16% of Bicycle Related Purchases are Offshore
- by Christopher Jones
- Published: 4 August 2011
Bicycle Industries Australia (BIA) publish figures on overseas purchasing as they announce support in lowering the tax free threshold for imports. BIA are part of the Fair Imports Alliance which is specifically targeting this issue – and the support is seen as one step to make the local cycling industry more competitive.
BIA quote a 120% increase in overseas purchases of bicycle products in the past 18 months and that 16% of bicycles products are now purchased overseas. The industry feel let down by the government and fear that another taskforce or panel will just draw out the problem where immediate action is required.
BIA support the Productivity Commission’s recommendation to decrease the low value import threshold for goods purchased offshore, to provide tax neutrality in Australia. The draft report also highlighted the inefficiencies of customs and international parcel handling in processing incoming freight into Australia, noting the need to improve these inefficiencies before the threshold is lowered.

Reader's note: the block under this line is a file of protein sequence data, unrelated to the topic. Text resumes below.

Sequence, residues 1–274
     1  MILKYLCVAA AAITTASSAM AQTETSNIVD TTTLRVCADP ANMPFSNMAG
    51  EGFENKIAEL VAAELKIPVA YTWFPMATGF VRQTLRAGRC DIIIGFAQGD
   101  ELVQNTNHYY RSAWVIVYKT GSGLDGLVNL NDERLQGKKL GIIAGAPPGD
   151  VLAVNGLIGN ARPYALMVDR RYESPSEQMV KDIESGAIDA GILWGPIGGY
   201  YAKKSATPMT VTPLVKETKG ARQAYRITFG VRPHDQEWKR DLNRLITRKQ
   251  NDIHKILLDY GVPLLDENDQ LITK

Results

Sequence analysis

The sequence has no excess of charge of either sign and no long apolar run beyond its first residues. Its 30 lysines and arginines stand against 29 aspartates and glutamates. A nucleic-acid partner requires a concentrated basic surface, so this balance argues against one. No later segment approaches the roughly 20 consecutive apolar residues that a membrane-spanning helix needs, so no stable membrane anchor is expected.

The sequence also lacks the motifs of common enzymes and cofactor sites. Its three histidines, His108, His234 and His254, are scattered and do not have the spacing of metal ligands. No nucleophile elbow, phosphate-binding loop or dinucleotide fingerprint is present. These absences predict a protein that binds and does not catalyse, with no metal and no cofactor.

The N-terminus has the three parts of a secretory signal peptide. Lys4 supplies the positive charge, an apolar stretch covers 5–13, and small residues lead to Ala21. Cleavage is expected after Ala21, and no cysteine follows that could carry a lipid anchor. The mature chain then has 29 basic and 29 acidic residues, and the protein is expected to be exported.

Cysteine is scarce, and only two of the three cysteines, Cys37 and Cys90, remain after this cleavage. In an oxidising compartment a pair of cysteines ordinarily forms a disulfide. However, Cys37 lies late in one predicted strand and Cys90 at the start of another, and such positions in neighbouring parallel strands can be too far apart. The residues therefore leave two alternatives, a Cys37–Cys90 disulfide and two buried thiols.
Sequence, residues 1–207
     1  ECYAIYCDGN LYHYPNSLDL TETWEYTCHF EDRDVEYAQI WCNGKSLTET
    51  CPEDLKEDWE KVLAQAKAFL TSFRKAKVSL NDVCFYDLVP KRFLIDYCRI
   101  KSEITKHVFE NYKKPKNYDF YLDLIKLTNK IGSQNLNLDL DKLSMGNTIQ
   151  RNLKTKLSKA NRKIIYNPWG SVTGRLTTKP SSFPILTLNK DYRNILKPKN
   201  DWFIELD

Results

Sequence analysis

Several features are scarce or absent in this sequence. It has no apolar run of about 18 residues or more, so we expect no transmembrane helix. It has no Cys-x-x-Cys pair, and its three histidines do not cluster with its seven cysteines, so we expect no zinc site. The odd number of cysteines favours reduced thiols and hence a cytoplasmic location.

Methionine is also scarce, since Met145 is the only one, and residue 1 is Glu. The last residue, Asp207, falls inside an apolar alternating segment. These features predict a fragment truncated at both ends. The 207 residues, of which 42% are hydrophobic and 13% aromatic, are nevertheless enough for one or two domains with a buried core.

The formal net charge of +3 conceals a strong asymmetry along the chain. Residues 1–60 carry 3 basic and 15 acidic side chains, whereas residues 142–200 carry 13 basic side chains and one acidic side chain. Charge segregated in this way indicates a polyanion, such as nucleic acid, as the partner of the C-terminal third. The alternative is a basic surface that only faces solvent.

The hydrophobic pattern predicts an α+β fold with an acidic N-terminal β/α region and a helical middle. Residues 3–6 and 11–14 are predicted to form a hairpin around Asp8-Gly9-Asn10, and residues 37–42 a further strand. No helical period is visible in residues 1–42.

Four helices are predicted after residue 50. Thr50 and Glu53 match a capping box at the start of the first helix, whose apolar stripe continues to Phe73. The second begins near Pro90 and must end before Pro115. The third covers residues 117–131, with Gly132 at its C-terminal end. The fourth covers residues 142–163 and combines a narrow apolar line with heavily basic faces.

The BIA argue that a lack of change will see increased unemployment and argue that there may not be an industry by the time the government makes a decision. On the otherside it has been widely argued that lowering or eliminating the tax free threshold would be cost more that the income that could be generated. Furthermore a poll in the Australian Cycling Forums with 113 participants showed that event with 10% added GST on imports, this was not likely to alter the purchasing patterns of 88% of respondents, 6% were uncertain and only 6% said they were likely to stop purchasing overseas.
The BIA chairman, David Cramer concludes “The bicycle sector is made of mainly small independent suppliers and retailers, we do not have the reserves ‘to ride’ out this current trend until the government finally corrects the advantage they have given to offshore sellers” Mr. Cramer concluded.
The same small independent suppliers and retailers should also take caution and see this as only one part of the ‘problem’, consumer habits and expectations are shifting as technology plays an increasing role in daily life.